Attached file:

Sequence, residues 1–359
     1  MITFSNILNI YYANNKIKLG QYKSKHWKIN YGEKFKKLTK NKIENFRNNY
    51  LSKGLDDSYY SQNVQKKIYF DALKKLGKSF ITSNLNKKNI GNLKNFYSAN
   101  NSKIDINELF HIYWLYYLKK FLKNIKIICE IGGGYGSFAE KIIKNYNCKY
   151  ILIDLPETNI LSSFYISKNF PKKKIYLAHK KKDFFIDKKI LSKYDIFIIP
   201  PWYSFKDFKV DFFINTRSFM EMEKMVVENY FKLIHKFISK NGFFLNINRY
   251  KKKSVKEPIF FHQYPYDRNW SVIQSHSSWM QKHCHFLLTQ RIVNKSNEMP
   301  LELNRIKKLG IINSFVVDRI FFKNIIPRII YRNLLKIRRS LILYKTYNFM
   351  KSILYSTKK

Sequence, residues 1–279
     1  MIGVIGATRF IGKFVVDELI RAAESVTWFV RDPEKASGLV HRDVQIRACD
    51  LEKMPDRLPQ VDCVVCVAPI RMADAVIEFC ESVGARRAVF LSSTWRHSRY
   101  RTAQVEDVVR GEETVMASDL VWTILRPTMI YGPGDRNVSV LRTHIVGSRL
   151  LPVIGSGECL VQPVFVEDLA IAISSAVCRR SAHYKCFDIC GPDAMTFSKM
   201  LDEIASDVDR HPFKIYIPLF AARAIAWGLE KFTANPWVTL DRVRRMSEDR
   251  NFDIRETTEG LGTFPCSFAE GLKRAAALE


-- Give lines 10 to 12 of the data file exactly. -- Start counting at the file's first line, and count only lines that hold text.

Sequence, residues 1–279
     1  MIGVIGATRF IGKFVVDELI RAAESVTWFV RDPEKASGLV HRDVQIRACD
    51  LEKMPDRLPQ VDCVVCVAPI RMADAVIEFC ESVGARRAVF LSSTWRHSRY